Friday, July 6, 2012

The Problem with the Alaska Dispatch ...

In a piece published earlier this week (Alaska Dispatch: The risk of rattling the cages), the Alaska Dispatch's Editor Tony Hopfinger uses an event at a fundraiser to defend the Dispatch's recent oil reporting.  In the piece, Hopfinger claims that he -- and the Dispatch -- are writing from the perspective of "Alaska Inc. ... the owner of hundreds of billions of dollars of petroleum and mineral resources."

Frankly, the article helps to explain much of what has gone wrong at the Alaska Dispatch.

In its early years, the Dispatch appeared to want to be a news source, approaching oil and other issues without bias or perspective.  The result was impressive; under oil reporters Rena Delbridge and Patti Epler, the Dispatch became the go to source for information and insight into oil and political issues affecting the state. 

I encouraged my firm to advertise on the Dispatch in order to support and associate with what I considered to be outstanding reporting.  I described the Dispatch to friends and others as Alaska's version of Politico, a national publication that I believe is the best at reporting on politics and policy at the federal level.  And I also wrote and polished pieces that I hoped were good enough for publication in what I considered one of the most important outlets for reasoned thought in Alaska.

Something happened along the way, however.  With the departure of Patti Epler, the Dispatch ceased focusing on being a pure news source, at least on oil issues.  Instead, it appeared to change roles and, as Hopfinger now describes it, sought to become a voice for "Alaska Inc."  It no longer delivered the news in an unbundled package.  Instead, the news it reported started coming mixed with editorial commentary in a way that made the reader (at least me) wonder about whether the actual news was being reported fully or fairly.

That approach might have been fine -- and even welcome -- if, as with The Economist, for example, the Dispatch brought a clear economic mind to the discussion.  But it has not; instead, it has become much more like a mirror version of the old Alaska Standard, publishing, at least from its own writers, a muddled and more often than not, emotional, rather than closely reasoned view of things.  Rather than Politico, the Dispatch now much more resembles the New Republic.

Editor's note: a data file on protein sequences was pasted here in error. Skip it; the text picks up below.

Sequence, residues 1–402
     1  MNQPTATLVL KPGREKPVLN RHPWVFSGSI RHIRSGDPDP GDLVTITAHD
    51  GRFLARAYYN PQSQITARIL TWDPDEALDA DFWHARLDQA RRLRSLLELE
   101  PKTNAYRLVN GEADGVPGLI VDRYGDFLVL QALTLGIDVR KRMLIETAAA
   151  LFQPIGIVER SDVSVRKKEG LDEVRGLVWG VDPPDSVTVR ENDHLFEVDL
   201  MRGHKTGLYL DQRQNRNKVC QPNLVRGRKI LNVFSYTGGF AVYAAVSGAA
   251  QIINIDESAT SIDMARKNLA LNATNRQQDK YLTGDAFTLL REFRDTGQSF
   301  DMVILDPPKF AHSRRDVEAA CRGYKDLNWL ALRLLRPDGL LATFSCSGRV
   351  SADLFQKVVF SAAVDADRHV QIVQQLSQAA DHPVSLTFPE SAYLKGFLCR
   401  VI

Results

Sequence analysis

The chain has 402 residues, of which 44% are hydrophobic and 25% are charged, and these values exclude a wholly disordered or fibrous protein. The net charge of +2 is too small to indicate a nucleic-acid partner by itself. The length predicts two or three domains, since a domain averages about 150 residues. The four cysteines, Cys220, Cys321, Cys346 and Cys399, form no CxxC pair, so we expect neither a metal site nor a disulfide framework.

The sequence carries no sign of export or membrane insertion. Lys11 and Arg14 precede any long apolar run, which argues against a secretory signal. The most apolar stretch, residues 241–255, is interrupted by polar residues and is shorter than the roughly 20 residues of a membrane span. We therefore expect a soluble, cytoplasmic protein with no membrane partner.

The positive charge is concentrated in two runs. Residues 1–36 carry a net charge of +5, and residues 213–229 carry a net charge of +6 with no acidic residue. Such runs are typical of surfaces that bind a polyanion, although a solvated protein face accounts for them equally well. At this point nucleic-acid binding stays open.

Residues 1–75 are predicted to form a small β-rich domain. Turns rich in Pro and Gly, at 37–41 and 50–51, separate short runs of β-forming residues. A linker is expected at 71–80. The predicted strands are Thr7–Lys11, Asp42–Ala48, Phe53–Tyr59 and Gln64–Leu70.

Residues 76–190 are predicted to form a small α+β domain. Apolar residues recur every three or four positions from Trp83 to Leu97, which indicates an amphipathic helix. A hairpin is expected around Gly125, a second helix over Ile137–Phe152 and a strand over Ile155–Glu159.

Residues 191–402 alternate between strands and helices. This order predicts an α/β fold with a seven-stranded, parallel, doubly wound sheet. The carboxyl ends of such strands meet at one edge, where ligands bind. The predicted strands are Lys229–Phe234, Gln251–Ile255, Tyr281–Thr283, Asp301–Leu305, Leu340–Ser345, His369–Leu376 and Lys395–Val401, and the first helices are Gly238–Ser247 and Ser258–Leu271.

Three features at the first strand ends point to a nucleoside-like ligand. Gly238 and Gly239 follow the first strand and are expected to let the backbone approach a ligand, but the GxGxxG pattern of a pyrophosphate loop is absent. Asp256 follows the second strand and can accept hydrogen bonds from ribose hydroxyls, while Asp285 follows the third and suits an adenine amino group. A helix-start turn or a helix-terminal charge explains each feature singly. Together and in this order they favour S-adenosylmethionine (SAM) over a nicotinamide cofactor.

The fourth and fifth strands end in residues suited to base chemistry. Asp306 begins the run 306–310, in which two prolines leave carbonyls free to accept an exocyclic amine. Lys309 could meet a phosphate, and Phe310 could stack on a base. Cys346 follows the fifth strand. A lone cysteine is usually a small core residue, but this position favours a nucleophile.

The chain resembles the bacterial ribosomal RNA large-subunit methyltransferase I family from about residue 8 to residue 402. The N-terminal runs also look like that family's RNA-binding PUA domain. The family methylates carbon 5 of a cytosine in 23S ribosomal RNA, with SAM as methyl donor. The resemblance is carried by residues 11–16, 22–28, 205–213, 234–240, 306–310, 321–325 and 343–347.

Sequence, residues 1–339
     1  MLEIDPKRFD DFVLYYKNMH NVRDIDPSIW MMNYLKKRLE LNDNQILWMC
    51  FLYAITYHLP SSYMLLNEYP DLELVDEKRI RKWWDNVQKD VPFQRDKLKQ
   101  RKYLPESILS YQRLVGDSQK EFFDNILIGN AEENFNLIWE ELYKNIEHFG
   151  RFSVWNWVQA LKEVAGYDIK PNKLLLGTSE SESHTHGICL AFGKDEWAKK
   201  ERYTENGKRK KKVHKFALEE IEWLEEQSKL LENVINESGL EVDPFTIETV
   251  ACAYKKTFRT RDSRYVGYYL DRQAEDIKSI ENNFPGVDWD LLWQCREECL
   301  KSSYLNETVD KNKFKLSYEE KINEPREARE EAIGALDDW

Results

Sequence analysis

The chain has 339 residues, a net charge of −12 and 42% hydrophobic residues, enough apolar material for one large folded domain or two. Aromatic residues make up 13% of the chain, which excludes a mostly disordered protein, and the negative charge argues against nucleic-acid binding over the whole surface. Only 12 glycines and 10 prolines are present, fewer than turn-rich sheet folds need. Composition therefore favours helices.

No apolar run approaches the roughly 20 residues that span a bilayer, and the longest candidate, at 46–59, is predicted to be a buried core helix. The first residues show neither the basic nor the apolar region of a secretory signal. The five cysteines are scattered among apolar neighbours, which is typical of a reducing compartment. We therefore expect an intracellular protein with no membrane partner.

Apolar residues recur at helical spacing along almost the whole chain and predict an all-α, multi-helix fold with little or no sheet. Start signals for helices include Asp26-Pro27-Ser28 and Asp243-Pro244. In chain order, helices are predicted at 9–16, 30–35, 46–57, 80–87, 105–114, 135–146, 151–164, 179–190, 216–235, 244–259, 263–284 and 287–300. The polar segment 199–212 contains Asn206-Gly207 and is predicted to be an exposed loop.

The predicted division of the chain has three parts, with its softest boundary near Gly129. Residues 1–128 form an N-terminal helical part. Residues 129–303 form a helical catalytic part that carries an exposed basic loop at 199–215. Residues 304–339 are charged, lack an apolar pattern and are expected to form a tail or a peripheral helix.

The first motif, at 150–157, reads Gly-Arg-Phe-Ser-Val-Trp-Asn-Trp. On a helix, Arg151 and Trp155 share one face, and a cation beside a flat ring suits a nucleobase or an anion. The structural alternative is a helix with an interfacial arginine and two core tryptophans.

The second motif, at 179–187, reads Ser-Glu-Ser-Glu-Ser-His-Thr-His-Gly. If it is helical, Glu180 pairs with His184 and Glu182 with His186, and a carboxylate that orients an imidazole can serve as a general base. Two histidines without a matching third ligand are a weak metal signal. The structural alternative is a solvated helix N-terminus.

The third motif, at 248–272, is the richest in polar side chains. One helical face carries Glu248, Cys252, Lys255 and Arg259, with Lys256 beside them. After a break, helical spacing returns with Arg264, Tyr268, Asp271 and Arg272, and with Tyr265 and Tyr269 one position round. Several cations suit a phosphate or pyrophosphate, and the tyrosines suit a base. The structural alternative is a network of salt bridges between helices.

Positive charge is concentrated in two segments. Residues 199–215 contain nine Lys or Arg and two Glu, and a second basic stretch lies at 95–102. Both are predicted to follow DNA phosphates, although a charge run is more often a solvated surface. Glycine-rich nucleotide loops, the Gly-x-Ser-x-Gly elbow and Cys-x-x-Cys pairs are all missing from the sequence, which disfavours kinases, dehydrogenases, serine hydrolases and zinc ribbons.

Hopfinger's view of the current discusion around oil taxes is a case in point.

In the article, Hopfinger argues that until the producers commit "to developing enough additional oil to make up for the billions of dollars of loss to our state treasury ... I and some on my staff will keep questioning Gov. Sean Parnell’s push to 'reform' state oil taxes."

Hopfinger does not explain in his extended piece, as would The Economist, why that best serves the interests of "Alaska Inc."  Frankly, we can easily think of why that could not be the case.  Encouraging continued investment, even if it resulted in reduced tax revenues to state government, could result in overall economic activity that better mirrored the current state of the industry in other parts of the US (e.g., North Dakota) and the world (e.g., Norway).  While Alaska state government might not realize as much, overall Alaska GDP could be higher.

Moreover, reduced government take also could lead to the increased exploration and discovery of new resources on state lands.  Alaska's current exploration tax credit policy, as embodied in ACES, is a dead end road.  ACES significantly subsidizes exploration activities to be sure, but reverts to the higher rates when its time to develop anything the exploration efforts have identified. 

The result is that only minor industry players have made extended use of the exploration provisions.  Their hope, to be honest, is to find something that they then can sell to bigger players, in a manner similar to the hope that startup software companies have that they can sell any new ideas they develop to Google or Microsoft.  That hasn't happened, however, again because the higher ACES rates would apply to any such development.

Reduced production taxes could entice more substantial players into making more substantial exploration investments, and more substantial players to invest in the development of any exploration plays the smaller companies might find.

Hopfginer's piece analyzes none of these alternatives.  Instead, he -- and the Dispatch -- simply want something for nothing. They want industry to guarantee continuation of the same revenue stream to state government, regardless. In his view, the state shouldn't make any "concessions" until that guarantee is achieved. Its as if the revenue levels resulting from ACES were written on golden tablets of some sort and are, now, inalienable rights.

The available evidence suggests, however, that the result of the current ACES revenue levels will be the exact opposite from what Hopfinger claims to want. Industry investment will continue to stay at minimum levels as long as the tax levels remain the same. Production will contnue to decline, and Alaska "Inc." will continue to realize increasingly lower revenue levels.

But that argument is largely beside the point about what has gone wrong with the Dispatch.  What has gone wrong is that the Dispatch has turned from what it once excelled at -- being a source for pure news -- to now requiring that its readers take a bundled dose of opinion along with the Dispatch's version of the news.  The fact that the opinion is muddled only adds to the problem.